By Zoe James-Collins, CFCC Student Fellow, Fall 2020
The ability to feel the emotional weight of another person is a powerful—and often overwhelming—sensation. Learning how to transcend empathy from sensation alone into a useful social tool is imperative to optimizing relationships both within and without the legal profession.
While many lawyers harbor a natural gift for speaking, empathy in practice urges the opposite: empathetic listening. Employing empathetic listening allows people to feel heard and encourages more holistic and meaningful perspective sharing—this is especially crucial when practicing law within a therapeutic jurisprudence framework, which relies on creating and maintaining emotionally supportive relationships and eliminating shame.
How can you practice empathetic listening?
- Maintain Eye Contact: Eye contact establishes your investment in hearing the other person’s perspective and prioritizes it above anything else in the room or in your mind. It communicates your interest in listening, rather than just hearing. In instances where eye contact may not be appropriate or achievable, instead employ the other pillars of empathetic listening bulleted below.
- Physical Affirmations: It is important to be aware of your body language during conversation. Open posture and nodding your head lets the speaker know you are interested and encourages them to continue speaking. Your physical stance can help the speaker feel more comfortable stating their point.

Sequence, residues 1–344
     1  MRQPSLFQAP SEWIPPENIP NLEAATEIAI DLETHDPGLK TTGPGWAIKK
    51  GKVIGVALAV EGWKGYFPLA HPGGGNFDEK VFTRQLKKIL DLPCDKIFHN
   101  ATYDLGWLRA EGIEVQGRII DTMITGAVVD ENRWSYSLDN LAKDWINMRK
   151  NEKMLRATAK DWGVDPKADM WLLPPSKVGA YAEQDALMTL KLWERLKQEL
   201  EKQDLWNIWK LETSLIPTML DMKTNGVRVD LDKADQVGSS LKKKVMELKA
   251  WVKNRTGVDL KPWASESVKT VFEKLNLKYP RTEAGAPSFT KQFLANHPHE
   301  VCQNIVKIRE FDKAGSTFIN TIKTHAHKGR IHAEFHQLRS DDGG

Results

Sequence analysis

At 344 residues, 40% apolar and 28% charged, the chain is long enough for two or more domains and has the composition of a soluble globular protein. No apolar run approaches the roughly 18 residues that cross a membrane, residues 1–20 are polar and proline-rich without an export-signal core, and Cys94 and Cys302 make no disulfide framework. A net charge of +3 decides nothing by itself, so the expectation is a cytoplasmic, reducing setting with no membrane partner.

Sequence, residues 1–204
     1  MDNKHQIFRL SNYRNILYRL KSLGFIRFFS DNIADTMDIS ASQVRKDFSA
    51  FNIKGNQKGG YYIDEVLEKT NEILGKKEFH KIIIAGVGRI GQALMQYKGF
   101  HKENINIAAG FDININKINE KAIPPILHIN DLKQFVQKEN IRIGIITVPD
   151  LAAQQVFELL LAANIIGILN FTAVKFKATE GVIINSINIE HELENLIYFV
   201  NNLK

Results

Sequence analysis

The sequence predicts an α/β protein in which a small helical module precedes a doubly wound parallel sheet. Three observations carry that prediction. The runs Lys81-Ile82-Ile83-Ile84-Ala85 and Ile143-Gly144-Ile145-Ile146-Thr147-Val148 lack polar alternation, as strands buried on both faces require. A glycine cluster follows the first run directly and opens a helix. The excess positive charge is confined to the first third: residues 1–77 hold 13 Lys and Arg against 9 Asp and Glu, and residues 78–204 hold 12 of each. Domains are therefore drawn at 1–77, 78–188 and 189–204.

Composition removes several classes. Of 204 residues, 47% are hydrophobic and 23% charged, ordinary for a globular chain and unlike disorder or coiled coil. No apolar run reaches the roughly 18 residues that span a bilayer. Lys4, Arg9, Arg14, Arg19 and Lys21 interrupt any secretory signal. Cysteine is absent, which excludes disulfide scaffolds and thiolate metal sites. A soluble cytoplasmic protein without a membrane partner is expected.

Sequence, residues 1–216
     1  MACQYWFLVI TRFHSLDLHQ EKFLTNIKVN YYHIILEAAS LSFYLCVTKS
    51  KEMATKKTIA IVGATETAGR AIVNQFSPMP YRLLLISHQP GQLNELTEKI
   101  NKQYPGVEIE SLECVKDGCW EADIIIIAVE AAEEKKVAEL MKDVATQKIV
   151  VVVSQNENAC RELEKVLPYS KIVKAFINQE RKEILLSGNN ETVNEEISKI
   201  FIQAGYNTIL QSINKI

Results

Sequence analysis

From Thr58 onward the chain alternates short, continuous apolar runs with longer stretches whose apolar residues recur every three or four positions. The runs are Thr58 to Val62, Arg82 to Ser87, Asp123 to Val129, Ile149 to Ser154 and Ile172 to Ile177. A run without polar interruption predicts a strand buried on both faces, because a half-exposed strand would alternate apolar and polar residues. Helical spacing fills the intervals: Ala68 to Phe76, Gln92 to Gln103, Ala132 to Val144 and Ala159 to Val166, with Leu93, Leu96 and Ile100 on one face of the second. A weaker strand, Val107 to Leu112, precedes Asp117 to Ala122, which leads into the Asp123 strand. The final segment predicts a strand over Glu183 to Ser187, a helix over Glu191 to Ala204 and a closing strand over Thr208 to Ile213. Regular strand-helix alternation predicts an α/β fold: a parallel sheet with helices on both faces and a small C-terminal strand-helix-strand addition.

- Verbal Affirmations: When appropriate, rephrase what the speaker is saying wording it in a manner that reflects your understanding. Your statement of affirmation can begin with a statement such as, “So what I am hearing is _____.” A statement like this shifts the burden of any discrepancies to you and diminishes defensiveness from the speaker. Checking in as appropriate ensures that you are on the same page as the speaker and can understand better what the other person is saying.
- Avoid Assumptions: Making assumptions is a quick way to lose your client’s trust in your investment in their perspective. It can be dangerous to assume; instead, asking clarifying questions allows your client to assist in your understanding and assures them that their voice and their truth are important.
These skills may not feel natural at first because lawyers tend to be problem-solvers, and are inclined to want to dive head first into issues. The more often these patient practices are employed, though, the more instinctive they will become, and the more organic and fruitful your relationships will be.
Mind Tools, Empathetic Listening Going Beyond Active Listening, https://www.mindtools.com/CommSkll/EmpathicListening.htm (last visited Sept. 24, 2020).